Skip to content

Canada to upgrade military in order to hold on to its arctic sovereignty

‘Climate change is rapidly reshaping Canada and reshaping our North’
Defence Minister Bill Blair is set to release the long-awaited update to Canada’s defence policy this morning in Trenton, Ont. Blair speaks during a media availability in the Foyer of the House of Commons on Parliament Hill, in Ottawa, Thursday, March 21, 2024. THE CANADIAN PRESS/Justin Tang

Canada’s military will take a bigger role in the North over the next two decades as climate change and increasingly aggressive foes threaten Arctic sovereignty, says a new defence policy document released Monday.

Prime Minister Justin Trudeau was flanked by Defence Minister Bill Blair, Veterans Affairs Minister Ginette Petitpas-Taylor and Finance Minister Chrystia Freeland as he announced the policy at Canadian Forces Base Trenton.

“Climate change is rapidly reshaping Canada and reshaping our North,” Trudeau said.

The government is planning to buy new vehicles adapted to the frozen conditions in the North, along with building an Arctic satellite ground station and setting up northern operations hubs.

In addition to air and land, Canada needs to be prepared to defend itself under the ice, the document said.

Back in 2021, the Royal Canadian Navy launched a long-anticipated push to replace the country’s four Victoria-class submarines, which will reach the end of their lifespan in the mid-2030s.

The updated defence policy calls for the purchase of conventionally powered submarines — but the prime minister left the door open Monday to a nuclear-powered option.

“That is certainly what we will be looking at, as to what type of submarines are most appropriate for Canada’s responsibility in protecting the longest coastline in the world, and certainly the longest Arctic coastline in the world,” he said.

Along with that, Trudeau said Canada is exploring the possibility of joining the second phase of AUKUS, the U.S.-led alliance with the United Kingdom and Australia.

The initial pillar of the alliance was focused on developing nuclear-powered submarines for Australia. Its second phase is focused on advanced capabilities like quantum computing, AI and cyber technologies.

The Canadian Armed Forces is setting up a new Cyber Command, which will see the military work with the Communications Security Establishment.

In all, the “Our North, Strong and Free” policy will boost military spending to 1.76 per cent of GDP by 2030.

That includes setting aside another $8.1 billion over the next five years and spending $73 billion by 2044.

It allocates $9.5billion over 20 years to start ramping up production of artillery ammunition, $307 million for early-warning aircraft and $2.7 billion to buy long-range missiles. It projects that annual defence spending will have doubled between 2016 to 2026.

All of that still leaves Canada shy of the minimum 2 per cent the NATO allies agreed to spend last July. NATO’s latest figures show Canada is spending 1.33 per cent of GDP on defence and is lagging behind a growing number of countries.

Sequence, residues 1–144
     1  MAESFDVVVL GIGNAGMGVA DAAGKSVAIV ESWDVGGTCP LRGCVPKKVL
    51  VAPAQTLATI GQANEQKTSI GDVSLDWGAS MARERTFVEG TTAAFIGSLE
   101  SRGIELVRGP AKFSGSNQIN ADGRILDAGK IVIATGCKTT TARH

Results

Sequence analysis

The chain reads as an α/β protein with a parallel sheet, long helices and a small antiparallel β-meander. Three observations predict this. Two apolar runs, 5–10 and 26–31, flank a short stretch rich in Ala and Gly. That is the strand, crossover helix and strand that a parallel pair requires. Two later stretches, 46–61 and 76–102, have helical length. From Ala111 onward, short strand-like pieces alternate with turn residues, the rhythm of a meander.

But the cost of buying those new submarines is not yet calculated, Trudeau said, noting the total spend will increase.

The U.S. ambassador to Canada, David Cohen, said the policy “appears to articulate a substantial down payment toward Canada’s pledge to meet its NATO commitment.”

The Liberals first promised an updated defence policy more than two years ago, in the wake of Russia’s full-scale invasion of Ukraine.

It comes at a time when persistent recruitment and retention problems that have plunged the Armed Forces into a personnel crisis, with more than 16,000 positions unfilled. Another 10,000 troops lack adequate training to deploy.

“Over the past number of years, more people have left than have joined the Canadian Armed Forces, and we’ve done a pretty deep dive into why that’s happening,” Blair said.

The government has pinpointed some of the factors that are keeping Canadians from donning a military uniform: “The burden of frequent postings, a lack of spousal employment opportunities, limited access to health and childcare, an oversaturated housing market, and high costs associated with relocation.”

The government plans to launch a Canadian Armed Forces housing strategy, at a cost of $295 million over 20 years, and to spend $100 million over five years to improve access to child care for military members as a way to tackle those issues.

It’s also pledging to reform recruitment processes and speed them up, while examining ways to ease some medical requirements if possible.

In a statement, the federal Conservatives called the plan desperate and criticized the plan to spend the bulk of the money in later years.

“Trudeau is once again kicking the can down the road by committing most of the defence spending in today’s announcement until after the next election,” defence critic James Bezan said in a statement.

Defence officials say they’re reviewing defence procurement, a long-standing issue, with the aim of streamlining it. The policy notes that during consultations, the defence industry said it needed to reset its relationship with government.

“Industry and experts also called for faster and more flexible defence procurement, secure supply chains, and investments to modernize defence infrastructure,” the document said.

The government is also committing to reviewing its defence policy every four years.

This report by The Canadian Press was first published April 8, 2024.

Sarah Ritchie, The Canadian Press